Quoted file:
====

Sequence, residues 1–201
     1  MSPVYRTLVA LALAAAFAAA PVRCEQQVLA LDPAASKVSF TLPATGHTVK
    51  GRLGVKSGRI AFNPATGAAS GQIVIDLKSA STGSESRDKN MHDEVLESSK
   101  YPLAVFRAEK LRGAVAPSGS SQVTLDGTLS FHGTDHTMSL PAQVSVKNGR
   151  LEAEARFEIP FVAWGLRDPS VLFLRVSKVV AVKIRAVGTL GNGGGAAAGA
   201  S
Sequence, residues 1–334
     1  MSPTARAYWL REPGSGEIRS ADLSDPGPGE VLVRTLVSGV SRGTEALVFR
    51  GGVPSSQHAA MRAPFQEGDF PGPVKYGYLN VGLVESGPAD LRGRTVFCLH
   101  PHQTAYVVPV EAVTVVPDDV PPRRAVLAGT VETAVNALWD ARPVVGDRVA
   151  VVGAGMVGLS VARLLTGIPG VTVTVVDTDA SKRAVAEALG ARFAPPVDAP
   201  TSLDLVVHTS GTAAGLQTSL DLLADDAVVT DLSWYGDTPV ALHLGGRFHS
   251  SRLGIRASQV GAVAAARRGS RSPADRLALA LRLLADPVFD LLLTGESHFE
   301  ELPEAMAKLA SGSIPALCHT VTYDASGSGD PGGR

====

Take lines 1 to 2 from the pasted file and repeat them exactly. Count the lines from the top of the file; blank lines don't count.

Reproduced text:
Sequence, residues 1–201
     1  MSPVYRTLVA LALAAAFAAA PVRCEQQVLA LDPAASKVSF TLPATGHTVK